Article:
Although European churches have a long history of condemning Gypsies, their magic, and their arranged marriages, most Rom Gypsy Americans are Eastern Orthodox. They celebrate the "pomona" feast for the dead, at which the feasters invite the dead to eat in heaven. Also, preparation for their "slava" feast requires thorough cleaning of the interior of the host's house, its furniture, and its inhabitants, as the host transforms a section of the house into a church.
The feast ceremony begins with coffee for the guests, prayer and a candle for the saints.
Today, around the world, Christian fundamentalist revival movements have been sweeping through Rom, Romnichal, and other groups of Gypsies. Since the mid-1980s, through Assemblies of God, various American groups have formed Gypsy churches. In Fort Worth, Texas, for example, a church integrates traditional Gypsy faith with Christian Pentecostal ritual.
Gypsies have tended to syncretize or blend their ethnic Gypsy folk religion with more established religions, such as Christianity. Gypsy religious beliefs are mostly unrelated to the business of fortune-telling. Silverman pointed out that while Gypsies may disbelieve Gypsy "magic," and "often joke about how gullible non-Gypsies are," in some ways, others act as believers; fortune-tellers generally treat their reading room as sacred and may "consult elder Gypsy women who are known to be experts in dream interpretation, card reading, and folk healing." Gypsies use code-names to mention certain evil-spirits to other Gypsies; and Gypsies sometimes cast curses on other Gypsies (or ward them off). Also, stated Silverman, Gypsy fortune-tellers use diverse religious iconography to create impressions out of a belief "that good luck and power can come from the symbols of any religion."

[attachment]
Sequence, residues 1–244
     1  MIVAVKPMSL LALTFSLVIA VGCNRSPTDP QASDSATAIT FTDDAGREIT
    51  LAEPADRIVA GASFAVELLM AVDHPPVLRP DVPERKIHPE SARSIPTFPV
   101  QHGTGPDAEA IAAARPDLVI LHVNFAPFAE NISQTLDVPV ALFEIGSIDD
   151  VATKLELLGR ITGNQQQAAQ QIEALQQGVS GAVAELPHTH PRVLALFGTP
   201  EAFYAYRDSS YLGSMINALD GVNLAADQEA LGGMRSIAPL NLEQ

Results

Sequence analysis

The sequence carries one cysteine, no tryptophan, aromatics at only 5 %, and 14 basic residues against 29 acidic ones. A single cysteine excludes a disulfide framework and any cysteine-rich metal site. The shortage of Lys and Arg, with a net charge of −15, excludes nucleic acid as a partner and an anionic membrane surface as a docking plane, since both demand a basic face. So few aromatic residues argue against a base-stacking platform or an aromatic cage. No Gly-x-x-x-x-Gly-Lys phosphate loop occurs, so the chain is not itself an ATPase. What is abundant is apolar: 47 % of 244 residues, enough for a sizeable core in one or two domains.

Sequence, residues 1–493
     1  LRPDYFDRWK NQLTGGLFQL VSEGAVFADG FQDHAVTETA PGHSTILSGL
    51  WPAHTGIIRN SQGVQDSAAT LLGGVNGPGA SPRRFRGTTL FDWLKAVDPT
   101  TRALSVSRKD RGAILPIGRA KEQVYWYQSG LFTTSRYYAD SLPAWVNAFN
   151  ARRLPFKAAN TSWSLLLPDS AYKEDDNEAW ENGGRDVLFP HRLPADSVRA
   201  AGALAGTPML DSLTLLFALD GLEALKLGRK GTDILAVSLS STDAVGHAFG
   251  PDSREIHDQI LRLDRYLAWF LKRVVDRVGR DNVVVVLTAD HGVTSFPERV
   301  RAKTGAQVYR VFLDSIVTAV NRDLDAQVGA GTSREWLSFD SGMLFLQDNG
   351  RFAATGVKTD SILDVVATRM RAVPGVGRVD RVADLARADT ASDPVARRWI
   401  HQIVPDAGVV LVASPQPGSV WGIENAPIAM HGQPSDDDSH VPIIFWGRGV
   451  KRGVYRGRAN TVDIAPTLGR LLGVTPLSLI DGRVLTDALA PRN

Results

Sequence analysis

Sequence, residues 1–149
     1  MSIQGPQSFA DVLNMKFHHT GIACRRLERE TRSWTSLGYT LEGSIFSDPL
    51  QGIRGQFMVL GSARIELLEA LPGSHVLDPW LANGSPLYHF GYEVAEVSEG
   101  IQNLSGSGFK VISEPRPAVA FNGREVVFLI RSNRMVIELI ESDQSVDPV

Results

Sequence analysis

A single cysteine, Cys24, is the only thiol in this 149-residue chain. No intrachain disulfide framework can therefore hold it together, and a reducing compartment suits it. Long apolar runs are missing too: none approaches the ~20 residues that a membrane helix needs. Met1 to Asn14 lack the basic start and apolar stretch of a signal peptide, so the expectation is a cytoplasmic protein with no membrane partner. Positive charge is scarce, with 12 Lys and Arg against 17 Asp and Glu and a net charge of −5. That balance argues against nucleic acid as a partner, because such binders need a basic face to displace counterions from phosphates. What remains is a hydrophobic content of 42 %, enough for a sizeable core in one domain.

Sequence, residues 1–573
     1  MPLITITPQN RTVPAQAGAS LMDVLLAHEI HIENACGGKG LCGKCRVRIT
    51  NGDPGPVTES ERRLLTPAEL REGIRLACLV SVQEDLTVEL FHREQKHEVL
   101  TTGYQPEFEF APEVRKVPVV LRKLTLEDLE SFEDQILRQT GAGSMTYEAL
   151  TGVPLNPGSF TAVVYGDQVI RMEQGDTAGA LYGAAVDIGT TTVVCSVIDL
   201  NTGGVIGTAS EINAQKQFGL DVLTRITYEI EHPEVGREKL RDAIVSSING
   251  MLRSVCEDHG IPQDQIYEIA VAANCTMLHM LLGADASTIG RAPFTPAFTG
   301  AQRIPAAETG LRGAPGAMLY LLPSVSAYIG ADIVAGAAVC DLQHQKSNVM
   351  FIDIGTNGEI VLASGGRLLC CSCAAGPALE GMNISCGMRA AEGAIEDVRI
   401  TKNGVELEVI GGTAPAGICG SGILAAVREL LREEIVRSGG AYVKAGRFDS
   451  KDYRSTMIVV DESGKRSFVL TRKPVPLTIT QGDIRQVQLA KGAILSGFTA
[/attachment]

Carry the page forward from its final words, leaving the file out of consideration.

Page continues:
Gypsy Americans have found customers for their business enterprises among some of the other poor members of society, usually other ethnic minorities such as African Americans, Hispanic Americans as well as immigrants from Eastern and Central Europe. Mobility and adaptation are foremost in the Gypsy trades. Their occupations have catered to other groups, and at the same time maintained Gyspies' separation. In their essay in "Urban Gypsies," Matt and Shelia Salo explain that "the main features of all occupations were that they were independent pursuits, required little overhead, had a ubiquitous clientele, and could be pursued while traveling" in urban and rural areas. And, Gypsies adapted to different locales and periods. Silverman discusses "a change in occupations in 20th century America that parallels the urbanization of the Rom.
After their arrival in the 1880s, the Rom followed nomadic European trades such as coppersmithing, refining, and dealing in horses for the men, and begging or fortune-telling for the women. They would camp in the country and interact mostly with the rural population, venturing into the cities only to sell their services and purchase necessities. As the automobile supplanted horse travel, the Rom became used-car dealers and repairmen, occupations that they still pursue. When metalworking skills became less important, Gypsies learned new trades, including the selling of items such as watches and jewelry."